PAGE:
In addition to the above changes, Bill 32 makes two changes which some unions and labour rights advocates, as well as academics and legal analysts, say may violate workers’ Charter rights.[26] The first such change is a restriction on secondary picketing. Bill 32 requires labour groups to get approval from the Labour Relations Board before engaging in secondary picketing.[27] Picketing normally occurs at the site of the labour dispute: the workplace. Secondary picketing instead occurs at an offsite location that is related to the employer. For example, in a famous Canadian case on secondary picketing, Pepsi-Cola employees in Saskatchewan were in a labour dispute with the regional Pepsi-Cola distributor. In addition to picketing the factory, the workers also engaged in secondary picketing at some of Pepsi-Cola’s retail outlets.[28]

Unions and labour organizations allege that by requiring them to get approval from the Labour Relations Board before engaging in secondary picketing, Bill 32 violates their Charter right of freedom of expression.[29] These groups say the Bill restricts unions’ speech by removing secondary pickets from their expressive vocabulary unless the Labour Relations Board authorizes them.

The Supreme Court of Canada held in 2002 that the Pepsi-Cola employees’ Charter right to freedom of expression protected their peaceful secondary picketing.[30] Secondary picketing is a form of expression by labourers. The Supreme Court of Canada has said that labour expression is “fundamental not only to the identity and self-worth of individual workers…but also to the functioning of a democratic society.”[31] Where this expression takes place, be it at the workplace or at a secondary site, is irrelevant; all picketing is generally acceptable unless it is otherwise criminal or unlawful.[32] For example, picketing which devolves into intimidation, trespass, or criminal harassment will be unlawful, regardless of where it occurs.[33]

This decision by the Supreme Court of Canada means that to the extent Bill 32 places limits on or discourages secondary picketing, it may violate workers’ Charter right to freedom of expression. However, rights in the Charter are not absolute. The government is allowed to violate Charter rights so long as it can justify its violation. To justify a violation, the government must show that the violation is a rational and proportionate way to achieve a pressing goal.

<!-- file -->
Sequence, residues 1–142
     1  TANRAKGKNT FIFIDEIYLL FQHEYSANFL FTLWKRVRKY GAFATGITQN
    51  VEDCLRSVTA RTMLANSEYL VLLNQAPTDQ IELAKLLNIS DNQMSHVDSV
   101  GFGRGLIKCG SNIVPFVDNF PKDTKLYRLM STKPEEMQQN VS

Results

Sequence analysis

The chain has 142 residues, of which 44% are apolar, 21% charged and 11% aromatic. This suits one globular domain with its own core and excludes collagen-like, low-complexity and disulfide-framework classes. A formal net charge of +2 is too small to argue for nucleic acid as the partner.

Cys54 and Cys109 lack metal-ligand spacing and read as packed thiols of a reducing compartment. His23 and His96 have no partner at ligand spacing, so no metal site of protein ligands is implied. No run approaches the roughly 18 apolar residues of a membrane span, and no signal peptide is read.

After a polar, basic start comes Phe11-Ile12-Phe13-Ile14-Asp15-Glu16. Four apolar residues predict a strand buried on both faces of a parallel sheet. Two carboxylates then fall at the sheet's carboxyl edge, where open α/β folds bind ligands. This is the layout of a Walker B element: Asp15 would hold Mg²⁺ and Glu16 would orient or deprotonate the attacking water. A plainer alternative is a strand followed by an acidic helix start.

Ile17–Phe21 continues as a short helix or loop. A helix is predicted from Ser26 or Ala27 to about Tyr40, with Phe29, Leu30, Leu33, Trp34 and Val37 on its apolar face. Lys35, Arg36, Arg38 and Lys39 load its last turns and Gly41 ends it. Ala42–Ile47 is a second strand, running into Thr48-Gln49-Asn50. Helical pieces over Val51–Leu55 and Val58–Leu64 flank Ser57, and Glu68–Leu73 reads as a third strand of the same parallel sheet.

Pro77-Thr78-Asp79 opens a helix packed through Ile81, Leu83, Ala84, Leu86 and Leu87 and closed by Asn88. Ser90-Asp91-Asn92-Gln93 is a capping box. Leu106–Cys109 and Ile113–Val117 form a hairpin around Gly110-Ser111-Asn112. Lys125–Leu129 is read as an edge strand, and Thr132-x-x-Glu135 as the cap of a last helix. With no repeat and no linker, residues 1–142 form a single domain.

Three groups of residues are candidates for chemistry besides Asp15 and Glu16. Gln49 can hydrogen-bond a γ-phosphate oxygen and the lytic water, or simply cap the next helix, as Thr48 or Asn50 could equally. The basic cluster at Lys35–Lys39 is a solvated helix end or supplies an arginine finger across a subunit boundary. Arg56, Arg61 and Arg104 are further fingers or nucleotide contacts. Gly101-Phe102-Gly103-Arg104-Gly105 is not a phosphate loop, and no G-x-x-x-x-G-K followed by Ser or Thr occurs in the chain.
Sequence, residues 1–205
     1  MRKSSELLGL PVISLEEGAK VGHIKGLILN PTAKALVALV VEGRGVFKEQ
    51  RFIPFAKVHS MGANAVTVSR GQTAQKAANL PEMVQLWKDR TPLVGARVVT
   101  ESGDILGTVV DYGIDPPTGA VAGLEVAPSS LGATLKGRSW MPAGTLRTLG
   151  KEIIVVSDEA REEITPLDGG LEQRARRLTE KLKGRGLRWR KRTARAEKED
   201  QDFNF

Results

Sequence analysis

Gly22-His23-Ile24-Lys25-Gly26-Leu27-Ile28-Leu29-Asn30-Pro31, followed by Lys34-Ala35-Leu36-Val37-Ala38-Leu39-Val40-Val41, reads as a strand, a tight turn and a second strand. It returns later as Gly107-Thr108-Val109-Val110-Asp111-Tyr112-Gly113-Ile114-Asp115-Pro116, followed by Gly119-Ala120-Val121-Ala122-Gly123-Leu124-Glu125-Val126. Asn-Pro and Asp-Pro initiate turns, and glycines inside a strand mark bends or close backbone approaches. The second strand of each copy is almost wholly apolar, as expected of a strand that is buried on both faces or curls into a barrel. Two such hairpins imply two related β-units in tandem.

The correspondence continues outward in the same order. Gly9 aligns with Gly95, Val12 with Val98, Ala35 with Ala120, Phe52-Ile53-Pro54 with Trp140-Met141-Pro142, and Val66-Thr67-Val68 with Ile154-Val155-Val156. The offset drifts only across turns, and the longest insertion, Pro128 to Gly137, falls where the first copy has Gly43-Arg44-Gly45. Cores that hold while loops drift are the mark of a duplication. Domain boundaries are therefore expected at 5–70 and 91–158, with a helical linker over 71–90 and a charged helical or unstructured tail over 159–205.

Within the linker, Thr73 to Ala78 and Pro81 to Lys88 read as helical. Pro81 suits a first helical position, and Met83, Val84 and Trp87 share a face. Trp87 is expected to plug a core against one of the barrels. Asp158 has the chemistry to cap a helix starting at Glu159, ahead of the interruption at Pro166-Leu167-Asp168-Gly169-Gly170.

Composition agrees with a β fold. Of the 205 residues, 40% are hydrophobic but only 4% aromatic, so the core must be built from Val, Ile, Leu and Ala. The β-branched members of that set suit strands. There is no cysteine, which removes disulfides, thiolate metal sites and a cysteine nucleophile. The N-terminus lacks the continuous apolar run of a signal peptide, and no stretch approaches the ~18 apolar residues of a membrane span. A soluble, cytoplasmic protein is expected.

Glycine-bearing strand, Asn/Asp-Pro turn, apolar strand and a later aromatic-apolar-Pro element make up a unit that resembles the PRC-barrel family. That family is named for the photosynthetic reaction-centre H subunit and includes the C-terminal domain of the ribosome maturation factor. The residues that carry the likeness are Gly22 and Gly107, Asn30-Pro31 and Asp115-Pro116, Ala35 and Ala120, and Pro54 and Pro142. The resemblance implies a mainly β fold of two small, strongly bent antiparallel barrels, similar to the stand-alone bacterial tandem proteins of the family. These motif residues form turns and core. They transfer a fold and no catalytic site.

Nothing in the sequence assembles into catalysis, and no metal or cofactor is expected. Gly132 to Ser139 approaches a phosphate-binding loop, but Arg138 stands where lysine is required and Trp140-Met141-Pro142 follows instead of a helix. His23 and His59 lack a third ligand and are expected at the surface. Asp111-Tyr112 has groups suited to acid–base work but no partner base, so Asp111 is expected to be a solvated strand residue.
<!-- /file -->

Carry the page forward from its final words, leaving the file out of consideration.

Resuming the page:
As the Supreme Court discussed in the Pepsi-Cola case, specific picketing activities can be unlawful, and as such can be limited.[34] Subject to the general constraint that they must “respect the Charter value of free expression and be prepared to justify limiting it,” the government is free to develop their own “policies governing secondary picketing.”[35] This means that while Bill 32’s restriction on secondary picketing may violate workers’ freedom of expression, it may also be legally justifiable and hence constitutional. For example, limiting secondary pickets that cause harm to unaffiliated third-parties may be a justified limit on unions’ expressive freedom. The courts will have to determine whether Bill 32’s provisions regarding secondary picketing are constitutional by balancing the workers’ Charter right to free expression with the Government’s justifications.

Potential Charter Challenge 2: Restriction on the Use of Union Dues for “Political Purposes”

 A second potentially unconstitutional change Bill 32 makes concerns how unions spend their collected union dues. Union dues are financial payments paid by workers to fund the union. Dues cover the cost of collective bargaining, the cost of taking grievances to arbitration, the cost of surviving strikes or lockouts, and more.[36] Bill 32 requires unions to obtain the consent of each worker to use union dues for “political purposes.”[37] The definition of “political purposes” is broad. It includes:

  • General social causes or issues,
  • Charities or non-governmental organizations,
  • Organizations or groups affiliated with or supportive of a political party, and
  • Any other activities the government adds through regulations.[38]

Under Bill 32, unions must provide their members with detailed information on the amount of union dues that they will use for such political purposes before obtaining each member’s consent. The new rules create an “opt-in” scheme: a member’s dues cannot be used for any of the listed “political purposes” unless that member opts-in.[39]

Unions allege that this is an attack on workers’ ability to pool their money to advocate for themselves. They claim the opt-in scheme makes it more difficult to advocate for political change for their members.[40] In response, the Government’s justification for the scheme appears to be that it gives workers more choice in how unions spend their members’ money. During legislative debate on the Bill, Jason Copping, Minister of Labour and Immigration, said that the shift to an opt-in scheme gives Albertans “the right to make their own decisions” about how their union dues are spent.[41] Of course, it is worth remembering that union leadership is typically elected. As such, workers already have a say in how unions spend their dues – by electing leaders with whom they agree.

The Opt-In Scheme and Freedom of Association

The opt-in scheme may be a violation of workers’ right to freedom of association. Freedom of association protects the ability to work together to achieve common goals.[42] It often arises in labour contexts because it protects workers’ right to join unions, to bargain collectively, and to strike.[43]